عنوان مقاله [English]
Controlling soil erosion and maintaining soil quality is essential for agricultural and environmental sustainability. Degradation of soil quality is caused by a combination of issues including land use change, desertification, soil erosion, chemical pollution, and total loss of soil fertility. Among these factors, soil erosion is considered an important factor in reducing soil quality and degradation. Slopes and their different components of them are one of the important and effective parameters in soil erosion, especially in mountainous areas. Different components of the slope (summit, shoulder, back slope, foot slope, and toe slope) directly and indirectly affect soil erodibility and consequently the soil quality and the development of slopes. Therefore, the purpose of this study is to investigate the effect of geomorphic hillslope components on erodibility and soil quality in the Hashtian catchment.
Hashtian catchment is located in West Azarbaijan province, Urmia city. Hashtian catchment area is 21222 hectares, maximum and minimum heights are 2759 and 1639 meters, respectively. There are three types of land use including agricultural lands (irrigated farming, rainfed farming), rangeland, and garden in Hashtian catchment.
In this study, 53 soil samples were gathered from the main hillslope components (summit, shoulder, back slope, foot slope, toe slope), and the physical and chemical properties of the samples including sodium (Na), potassium (K), phosphorus (P), organic carbon (OM), electrical conductivity (EC), pH, calcium (Ca), saturated percentage (SP), bulk density (BD), particle density (PD) and soil texture were determined. Then the analysis of variance was used for investigating the relationship between the measured parameters and the geomorphic hillslope components. Also, the soil quality index was estimated using the following equation:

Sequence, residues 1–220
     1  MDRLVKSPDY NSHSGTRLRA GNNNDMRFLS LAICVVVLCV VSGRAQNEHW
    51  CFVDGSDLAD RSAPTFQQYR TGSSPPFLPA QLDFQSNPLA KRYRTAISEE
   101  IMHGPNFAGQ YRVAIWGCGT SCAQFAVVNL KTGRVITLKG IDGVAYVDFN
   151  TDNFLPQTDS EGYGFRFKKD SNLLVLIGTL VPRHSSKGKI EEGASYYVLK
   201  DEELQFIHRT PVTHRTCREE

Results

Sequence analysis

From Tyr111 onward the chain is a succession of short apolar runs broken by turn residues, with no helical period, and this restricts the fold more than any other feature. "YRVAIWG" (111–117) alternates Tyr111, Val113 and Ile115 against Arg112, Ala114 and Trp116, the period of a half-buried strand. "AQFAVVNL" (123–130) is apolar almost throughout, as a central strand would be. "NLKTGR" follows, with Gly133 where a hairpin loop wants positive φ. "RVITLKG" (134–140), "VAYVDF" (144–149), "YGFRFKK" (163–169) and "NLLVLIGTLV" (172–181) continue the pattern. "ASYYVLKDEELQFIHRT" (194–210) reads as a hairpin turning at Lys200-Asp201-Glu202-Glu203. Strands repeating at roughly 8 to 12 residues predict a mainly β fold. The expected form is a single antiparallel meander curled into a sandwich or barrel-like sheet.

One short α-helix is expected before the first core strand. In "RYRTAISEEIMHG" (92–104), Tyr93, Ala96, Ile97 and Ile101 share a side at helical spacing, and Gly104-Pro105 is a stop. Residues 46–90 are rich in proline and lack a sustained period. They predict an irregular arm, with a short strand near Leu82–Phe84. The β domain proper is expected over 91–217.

SQI=(∑_(i=1)^n▒〖W_i S_i 〗)/n*10
Where Wi represents the weights of the soil indicators, Si denotes the scoring function ranks of each soil property, indexed as i, and n reflects the number of variables selected for the MDS. Soil erodibility is also calculated from the Wischmeier equation as following formula:
K = ((2.1 * 10 ^ (-4) M ^ (1.14) (12-a)) + (3.25 (b-2)) + (2.5 (c-3) / 759)
M = (V.F.Sand + sand) * (100-Ac)
Where K is the soil erodibility, Ac is clay, a is organic matter, b is soil structure and c is the permeability code, which is obtained based on soil characteristics. Finally, the soil quality and soil erodibility index in the geomorphic hillslope components were compared using analysis of variance, and the relationship between different slopes was analyzed by Post-hoc test and Tukey method.
Results and Discussion